Sometimes complex problems have simple solutions. Nowadays we tend to overcomplicate things, overthink our ideas and overwork the product or process. Yet, the easiest and most obvious solution is often the best, especially when it comes to design.
Designers should trust their intuition and design with their instincts in certain cases. More often than not, those gut feelings are correct and the product is better developed because of them. Being able to follow your instincts is a good ability to own, especially for product and web designers.
Instincts lead to simple design solutions
In order to solve a problem, designers are normally expected to research and explore various options during the process. They are taught to try different ideas, look at the pros and cons of each and arrive at a final solution based on their research.
While this approach certainly works and often results in a great product, the final design is often close to the one that was instinctive to the designer. This may be due to subjective bias during the exploration and research stages, but you can also say that humans instinctively know what will work and what won’t.
Over the millennia, humans have evolved and learned how to deduce solutions based on past experience. These instincts present themselves in everyday life, telling us to go a certain route based on the outcome of similar problems in the past. Instincts help us to make good judgements and decisions based on memories, associations, pattern-matching and assumptions.
Experience equals better instincts
Our instincts are developed and improved by more experience and knowledge. The more you design, the better your artistic instincts become. It allows designers to refine their ability to make quick decisions, often leading to the same result that would have been found if a lengthy research and exploratory process had been followed.
The more experience you have, the more research you’ve conducted and the more products you’ve used all help to improve your design instincts. It also gives you the ability to know what the best solution is without having to waste time – which is why experience is so important.
When instincts can be bad for design
Sometimes your instincts aren’t always right. They often come with biases and sometimes lead us to misjudge our audience or target market. Instincts also tend to come with a sense of confidence, which can hide the right solution behind the easiest one.
Our subconscious minds always look for patterns and similarities when trying to find solutions. However, our memories often reconstruct past events in a more positive manner. This is why nostalgia is such a powerful feeling – we tend to remember the good times and forget the boring or bad ones.
Designers using pure instinct can be subject to their nostalgia and incorrect assumptions when searching for a great design solution. At the end of the day, we’re all human and we can all be wrong. It depends on the situation and the complexity of the problem, but designing only from instinct can sometimes lead to a less effective design in certain cases.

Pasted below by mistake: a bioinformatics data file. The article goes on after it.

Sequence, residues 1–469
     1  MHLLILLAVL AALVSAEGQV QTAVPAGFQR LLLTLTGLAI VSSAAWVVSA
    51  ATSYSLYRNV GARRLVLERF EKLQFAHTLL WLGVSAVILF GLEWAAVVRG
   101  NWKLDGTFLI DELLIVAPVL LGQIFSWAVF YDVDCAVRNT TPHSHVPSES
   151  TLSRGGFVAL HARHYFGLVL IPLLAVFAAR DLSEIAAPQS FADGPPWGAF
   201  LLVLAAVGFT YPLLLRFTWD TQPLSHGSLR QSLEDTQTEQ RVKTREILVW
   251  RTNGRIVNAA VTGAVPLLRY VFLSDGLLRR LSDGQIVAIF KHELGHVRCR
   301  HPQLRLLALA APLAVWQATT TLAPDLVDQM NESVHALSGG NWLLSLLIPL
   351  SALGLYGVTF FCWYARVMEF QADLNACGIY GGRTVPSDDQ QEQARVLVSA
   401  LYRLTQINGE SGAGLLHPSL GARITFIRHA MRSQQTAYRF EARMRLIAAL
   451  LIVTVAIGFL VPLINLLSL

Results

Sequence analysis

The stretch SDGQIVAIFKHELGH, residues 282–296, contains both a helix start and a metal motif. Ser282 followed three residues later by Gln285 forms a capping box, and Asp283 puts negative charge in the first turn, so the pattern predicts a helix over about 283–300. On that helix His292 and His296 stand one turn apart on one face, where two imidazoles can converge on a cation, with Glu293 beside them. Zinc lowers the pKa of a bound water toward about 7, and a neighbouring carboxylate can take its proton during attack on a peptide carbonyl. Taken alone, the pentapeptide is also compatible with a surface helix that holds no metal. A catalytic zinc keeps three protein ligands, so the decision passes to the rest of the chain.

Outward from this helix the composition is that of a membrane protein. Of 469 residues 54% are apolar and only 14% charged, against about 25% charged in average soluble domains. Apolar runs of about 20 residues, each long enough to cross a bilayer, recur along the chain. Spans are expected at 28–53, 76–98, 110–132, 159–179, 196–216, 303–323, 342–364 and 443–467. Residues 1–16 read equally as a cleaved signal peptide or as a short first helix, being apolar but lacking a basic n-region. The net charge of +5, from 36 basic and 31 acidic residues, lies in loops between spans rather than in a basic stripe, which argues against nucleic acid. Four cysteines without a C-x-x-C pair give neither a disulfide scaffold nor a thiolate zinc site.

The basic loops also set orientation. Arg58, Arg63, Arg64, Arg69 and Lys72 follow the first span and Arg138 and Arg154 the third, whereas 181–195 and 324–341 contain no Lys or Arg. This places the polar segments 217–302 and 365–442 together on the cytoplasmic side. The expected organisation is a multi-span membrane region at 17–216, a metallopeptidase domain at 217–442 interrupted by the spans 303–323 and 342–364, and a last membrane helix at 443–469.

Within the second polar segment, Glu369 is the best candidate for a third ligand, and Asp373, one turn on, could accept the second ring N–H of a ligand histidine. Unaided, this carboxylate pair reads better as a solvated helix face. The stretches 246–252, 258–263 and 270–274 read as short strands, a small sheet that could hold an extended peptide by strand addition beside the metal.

How to know when to follow your instincts
Finding a balance between intuition and research is key to a better design. Relying purely on either one can affect your designs, causing you to take too many shortcuts or take too long to complete the process.
Designers need to know when to follow their gut and when to be wary of their instincts. Firstly, think of the type of project you’re working on. Is it a small task that will only affect a few people, or is it a large multi-team project with a large audience? Will it take a day to complete or a couple of months? Think about the long-term implications and results.
For smaller projects with a smaller audience and quick turnaround time, going with your instincts is a good idea. If the project is complex, lengthy and has the potential to affect a large audience, it’s probably better to do the research and explore various options to create the best design.
Knowing when to go with your intuition often comes down to the cost of being wrong. If the project is low impact and you’re confident with following your instincts, then do so. If the stakes are higher or you’re not feeling that strong gut sensation, then it’s better to take your time and research the outcomes.
Designing purely from instinct may be a bit irrational in some cases, but when a designer is faced with a low-impact problem, it’s better to follow your gut and opt for the simple solution. Design instincts are formed over years of practice and experience. Knowing when to follow them and when to ignore them is what makes a good designer.
Sorted Design Agency is a creative company that constantly looks for solutions to other people’s problems. These problems come mostly in the visual format, such as graphic design, logo and illustration, but we’re experts in brand development, website design, and digital SEO campaigns as well.
Based in Pretoria and Cape Town, Sorted has been in the content marketing industry since 2006. We assist your company with its corporate identity by communicating core values through content and articles written for your website, blog and news area. This content is supported by AdWords and social advertising, which facilitates wider reach and audience growth. Turn your website into a business tool.
Sorted also owns two other businesses; InkFish Print Studio – a printing company that handles a range of promotional materials for businesses and other services for individual customers, and Pampiri + Kie – a gifts and stationery store selling online and in-store. Both of these companies operate from Cape Town and Pretoria.
Follow us on Facebook, Instagram and LinkedIn for the best tips on design, marketing and web development. We also share the latest industry news and fresh content to inspire fellow designers, creatives and marketers.